Last week marked the fourth anniversary of my luxurious*, worry-free** two week stay at a big, fancy downtown hospital while I waited for the imminent delivery of my twins who had been gestating for all of 25 weeks.
[Spoiler Alert: Things unexpectedly calmed down about two weeks after I was admitted. The experts called it a “miracle” that I stayed pregnant and I even went home on strict bed rest for the remainder of my 36 week pregnancy. That, and the out-of-this-world medical care I received there are why I can make light of my times and trials in the hospital during my high-risk pregnancy.]
Being a hospital patient is full of 98% suckage (the food was good) no matter why you’re there, but it is particularly stressful when you’re hoping against hope that your uterus will calm down and hang onto (literally) the wee ones it has so lovingly nurtured for months but now wants to expel for no good reason. I had no blog back then, but I did jot down some notes (in the absence of anything else to do for twenty four hours a day in a building with constant and disruptive construction noise), and in acknowledgment and appreciation of my magnificent feat (waiting 35 weeks before birthing two healthy kids), enjoy this walk down Memory Lane with me.
My first stay at the hospital during my twin pregnancy wasn’t terribly uncomfortable. I had a private room, so there was that, at least. But the day after I was admitted, a woman moved into the next room who struck me as pretty bizarre. She was two weeks ahead of me in her pregnancy and was admitted due to preterm labor. We were all on bed rest in that wing, so she should not have been out of bed for any reason, yet she frequently left her room to visit the nurses station for a pen, or to throw something away. Therefore I saw her. A lot. She wore satin nighties. That was all she wore. No robe. Sometimes the nightie was black satin, sometimes leopard-print satin. I learned that she was an attorney. Her family came to see her regularly, and every couple of days they brought a roller suitcase with them–I have no idea what could have been in it, since she did not ever wear clothes. Her hair was stringy and she was disturbingly skinny. She was a diagnosed anorexic, and her baby belly was very, very tiny–I didn’t even know she was pregnant when I first saw her, even from a side view. The nurses and even the cafeteria were unable to adequately keep up with her requests for toast, so they brought a toaster up to her room. She burnt her toast about once per day–I could smell it. Three times in one week, when a doctor knocked and quickly entered her room, he backed out of the room with apologies and exclaimed to the nurses station in surprise, “She’s buck naked in there”. I never really understood her. I’m pretty sure I don’t care for her, though. She was discharged before me and I like to think that her pregnancy ended well with a happy and healthy baby.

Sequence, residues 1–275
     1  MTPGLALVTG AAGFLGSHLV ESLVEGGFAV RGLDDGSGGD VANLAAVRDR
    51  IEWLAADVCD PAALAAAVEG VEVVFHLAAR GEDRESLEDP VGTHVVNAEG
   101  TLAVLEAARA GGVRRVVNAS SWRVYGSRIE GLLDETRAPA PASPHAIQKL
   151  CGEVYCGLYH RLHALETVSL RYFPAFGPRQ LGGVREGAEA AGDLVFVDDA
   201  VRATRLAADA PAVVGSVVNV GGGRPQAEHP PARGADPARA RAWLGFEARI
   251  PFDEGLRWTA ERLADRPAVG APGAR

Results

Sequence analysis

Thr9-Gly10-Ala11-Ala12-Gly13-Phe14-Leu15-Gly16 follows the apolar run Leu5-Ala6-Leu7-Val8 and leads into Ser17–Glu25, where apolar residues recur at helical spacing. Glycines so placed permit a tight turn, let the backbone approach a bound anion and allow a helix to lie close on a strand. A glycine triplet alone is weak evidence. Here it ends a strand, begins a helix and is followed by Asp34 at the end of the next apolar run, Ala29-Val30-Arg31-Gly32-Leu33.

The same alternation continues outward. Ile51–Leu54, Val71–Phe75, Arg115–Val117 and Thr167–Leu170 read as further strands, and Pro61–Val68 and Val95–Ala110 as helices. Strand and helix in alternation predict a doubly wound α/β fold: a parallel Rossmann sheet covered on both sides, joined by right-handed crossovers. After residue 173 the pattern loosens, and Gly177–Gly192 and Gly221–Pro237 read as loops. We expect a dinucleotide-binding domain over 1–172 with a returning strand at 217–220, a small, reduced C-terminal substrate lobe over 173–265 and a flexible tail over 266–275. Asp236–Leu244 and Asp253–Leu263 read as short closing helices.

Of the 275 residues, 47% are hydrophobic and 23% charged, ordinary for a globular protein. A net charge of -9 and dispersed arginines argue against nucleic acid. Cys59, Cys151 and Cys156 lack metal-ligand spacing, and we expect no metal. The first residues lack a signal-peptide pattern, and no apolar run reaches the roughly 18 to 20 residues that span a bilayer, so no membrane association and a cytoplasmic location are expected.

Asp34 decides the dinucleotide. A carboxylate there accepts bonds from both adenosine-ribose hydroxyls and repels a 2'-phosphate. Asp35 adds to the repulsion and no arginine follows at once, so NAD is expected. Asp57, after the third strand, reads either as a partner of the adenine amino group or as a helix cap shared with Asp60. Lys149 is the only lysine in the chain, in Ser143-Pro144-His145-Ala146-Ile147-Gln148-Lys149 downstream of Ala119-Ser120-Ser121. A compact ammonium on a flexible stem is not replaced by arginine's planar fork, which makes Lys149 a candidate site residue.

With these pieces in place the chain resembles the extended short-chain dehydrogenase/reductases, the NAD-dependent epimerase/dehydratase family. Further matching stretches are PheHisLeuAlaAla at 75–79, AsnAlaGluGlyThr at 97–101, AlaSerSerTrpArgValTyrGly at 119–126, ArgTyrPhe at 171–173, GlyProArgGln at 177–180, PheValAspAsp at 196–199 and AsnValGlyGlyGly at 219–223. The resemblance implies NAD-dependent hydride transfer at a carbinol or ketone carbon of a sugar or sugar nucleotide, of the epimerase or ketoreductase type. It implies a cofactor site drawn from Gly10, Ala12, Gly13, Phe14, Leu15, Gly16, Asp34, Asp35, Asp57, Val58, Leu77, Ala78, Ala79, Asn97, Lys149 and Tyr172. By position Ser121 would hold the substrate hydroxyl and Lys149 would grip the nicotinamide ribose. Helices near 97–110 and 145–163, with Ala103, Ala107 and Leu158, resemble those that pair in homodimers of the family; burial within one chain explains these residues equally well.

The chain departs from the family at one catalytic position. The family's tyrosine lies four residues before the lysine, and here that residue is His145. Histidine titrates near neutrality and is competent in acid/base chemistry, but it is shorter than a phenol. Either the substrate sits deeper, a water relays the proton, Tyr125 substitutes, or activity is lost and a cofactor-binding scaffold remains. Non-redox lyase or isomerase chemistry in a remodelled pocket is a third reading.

My second hospital stay was much shorter, but a little more serious. It involved a lot of magnesium sulfate (“The Mag”) in my drip, and sharing a hospital room with a Nascar fan for an entire day–talk about me taking one for the team. I’m sorry, Nascar fans, but there is nothing more obnoxious to the rest of us than Nascar. And jaded Winnipeg Jets fans. And that’s pretty much all I remember from that three-day stay. The Mag has the ability to knock out your memory faster than four shots of cheap tequila.
I shared my perinatologist with a certain high-profile patient, which meant that if I wanted to see my doctor, all I had to do was turn on the Today Show and wait for his interview. I felt famous just by association! The TV cameras in the hall helped reinforce that feeling. I occasionally tune to the WE Network in hopes of catching footage of myself in the background of her reality show, but mostly I’m just bitter that she had an ice cream freezer in her room kept fully stocked courtesy of a local eatery and I? Did not.
I was in disbelief when I eventually made it to 34 weeks. I’d been mentally preparing over the previous ten weeks to deliver micro-preemies, and while on the one hand I was relieved that I did not have to endure that type of heart wrenching experience, on the other hand I was really tired of being pregnant. I was checked out, ready to be d-o-n-e. Thirty four weeks is a fine time to deliver babies–just ask someone pregnant with sextuplets. So I came up with a list of all the gifts I was willing to use as bribes if my doctor would let me deliver at 34 weeks, and handed it to him at my biweekly appointment. I was hysterical and desperate–thisclose to tossing my diabetic diet into the diaper pail and inserting a box of Twinkies into my face. Somehow the good doc resisted my offers of home-baked cookies, stationary products (pilfered from my workplace), boxes of diapers I got as baby shower gifts, a partially-used Starbucks gift card, Mont Blanc pens, bottles of 150 year old Scotch, and a garage full of Maseratis (my budget increased as my level of desperation grew, apparently).
At 36 weeks and 3 days, my body finally decided I was ready. After my surgeon assured me that he “only had two martinis at lunch today”, my babies were delivered via c-section. The experience was trouble-free. The newborns were completely healthy. I could finally take a deep breath–something I had been physically restricted from doing for months and months. But that roller coaster started April 26th, 2007, a date I’ll never forget. It’s my annual reminder that I don’t own my body–my children do!
**Actually, pretty much the opposite.